Just how far have the Deerfield-Windsor Knights come since that stormy August night that started the 2009 campaign?
Last Friday, we learned the answer to that question. The Knights advanced to the state semifinals with a 35-21 victory over First Presbyterian Day. This was the best game played by any DWS team since last season’s upset of Tattnall Square in the state semifinals.
Every facet of the game was well managed, and extremely well coached. Head coach Allen Lowe designed and executed a brilliant game plan. With his starting quarterback Banks Kinslow sideline in the Knight’s opening round contest against Mount Vernon, Lowe unveiled a Wildcat formation with star tailback Tony Zenon getting the direct snap.
A good chess move as FPD came into the second round contest crowding the line dedicated to containing the lighting. Even still, Zenon scorched them for two touchdown dashes of 51 and 57 yards, and gained 162 in total.
Incidentally, Lowe never used the Wildcat set against FPD. He showed it to them on film, then in the week between rounds, went back to basics. For his part, Kinslow played a gutsy game on a tender knee. With the Vikings crowding the line he threw for 118 yards and two touchdowns, and carried the ball five times on the Knight’s 86-yard, six minute drive. Twice he dove for fourth down conversions to keep the drive going.
An offense that has become very dependent on those bolts that leave 10 offensive players and the stands watching in amazement while No. 1 streaks away from 11 defenders chasing a ghost, turned into a physical grunt and push ball control team. Fullback Quinton Adkins slammed into the middle. Justin Webb jetted off tackle. Kinslow dove. Zenon from the eye. Run after run after run. The crack of the pads, then let’s do it again.
On the final play of the drive, the Knights lined up on the 15. Kinslow set Zenon in motion then took the snap. Zenon swooped by for the handoff. The Vikings chased the ghost. When Kinslow pulled the ball away from Lightning the entire FPD defense had already committed, and he hit a wide open Webb in the middle of the end zone to break the back of the Vikings.
Which brings me to excellent coaching job, phase two.
At the DWS prep rally on Friday, assistant coach Craig Rhodes called Zenon and junior tackle Trent Brown out in front of the student body.
Then he began to read quotes posted by FPD players on the Vent web site. He turned to Zenon and said “they say you don’t like getting hit.” The students went nuts. Zenon just grinned.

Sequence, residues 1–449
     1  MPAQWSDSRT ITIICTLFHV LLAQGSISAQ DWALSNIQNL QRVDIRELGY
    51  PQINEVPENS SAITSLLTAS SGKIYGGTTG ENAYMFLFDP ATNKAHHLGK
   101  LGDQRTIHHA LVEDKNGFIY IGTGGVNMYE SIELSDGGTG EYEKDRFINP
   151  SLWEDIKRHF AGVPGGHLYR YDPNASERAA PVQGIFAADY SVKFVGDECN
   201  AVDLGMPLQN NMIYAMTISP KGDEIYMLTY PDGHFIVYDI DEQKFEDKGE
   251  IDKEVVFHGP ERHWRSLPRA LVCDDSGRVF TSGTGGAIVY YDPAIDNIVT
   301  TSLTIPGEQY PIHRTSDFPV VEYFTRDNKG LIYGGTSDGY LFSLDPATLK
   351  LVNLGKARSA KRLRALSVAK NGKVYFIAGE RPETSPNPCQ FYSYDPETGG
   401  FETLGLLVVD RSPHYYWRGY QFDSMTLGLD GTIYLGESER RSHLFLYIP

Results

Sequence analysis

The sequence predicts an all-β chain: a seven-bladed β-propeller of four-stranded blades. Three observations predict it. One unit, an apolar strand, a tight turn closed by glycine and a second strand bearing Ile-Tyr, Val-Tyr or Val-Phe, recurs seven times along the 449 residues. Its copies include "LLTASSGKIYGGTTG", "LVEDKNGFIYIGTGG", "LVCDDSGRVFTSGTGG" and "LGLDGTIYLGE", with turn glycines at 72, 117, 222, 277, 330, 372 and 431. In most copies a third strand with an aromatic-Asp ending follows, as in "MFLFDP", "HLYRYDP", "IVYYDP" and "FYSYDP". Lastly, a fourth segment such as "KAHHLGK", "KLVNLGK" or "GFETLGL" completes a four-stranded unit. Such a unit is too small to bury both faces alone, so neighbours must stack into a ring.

Next Rhodes turned to Brown.
At 6’8” and 285 pounds, Brown has all the tools to be the greatest player to ever suit up in the GISA. If he would apply himself he could play for any D-1 college in the country, and if he really dug deep he could play on Sundays.
His tools are that good. He just needs some help getting those tools out of the box and putting them to use. It has been a struggle to make the big fella understand exactly what he could do if properly motivated. Or it was, until Rhodes saw that post on the Vent.
Looking up at Brown, Rhodes poked him and said, “They said you are soft and slow!” The student body went nuts. Brown did not grin. For five long days he had seen that quote posted on bulletin boards, lockers and doors. The jabs emerged on the Monday prior to the FPD game, and that afternoon at practice a DWS coach was riding the seven man sled while Brown was firing out. The coach kept yelling, “They think you are soft!”
Brown would rattle the sled. Then again. “They think you are slow!” Brown had heard enough. He unloaded a forearm on the sled lifting it off the ground and breaking the steel bracing which holds the padding. The sled fell to the ground as the coaching staff and team stood silent in awe.
Rhodes had found his button.
Friday night, after five days of hearing it, Brown came out of his shell. Prior to a crucial third and long for the Vikings, defensive coach Rod Murray put the big guy in the game. Middle linebacker Rhett Cooper had been working overtime chasing down two big FPD running backs, but found the strength to start screaming in Brown’s face. Then another Knight did the same. Then another.
FPD broke the huddle. Brown lined up at nose guard. When the ball was snapped he exploded through a 6’2” 230 pound center, lifting his feet off the ground like he was a paper doll and carried him backwards as fast as the signal caller could retreat. Rather than be smothered by more than 600 pounds of beef, the FPD quarterback rushed his throw to the flat, and Webb was there to intercept.
Then came those critical fourth-down conversions on that 86-yard march. Each time, Lowe moved Brown from tackle down to guard, allowing the hobbled Kinslow to take the snap and follow the big guy forward.
Judging from the way this team played against FPD and the way the coaches put the right players in the right spots at the right time, the Knights have come far enough to turn that talent rich but raw team into a complete unit, and the squad to beat in the Georgia Independent School Association.
By Mike Flynn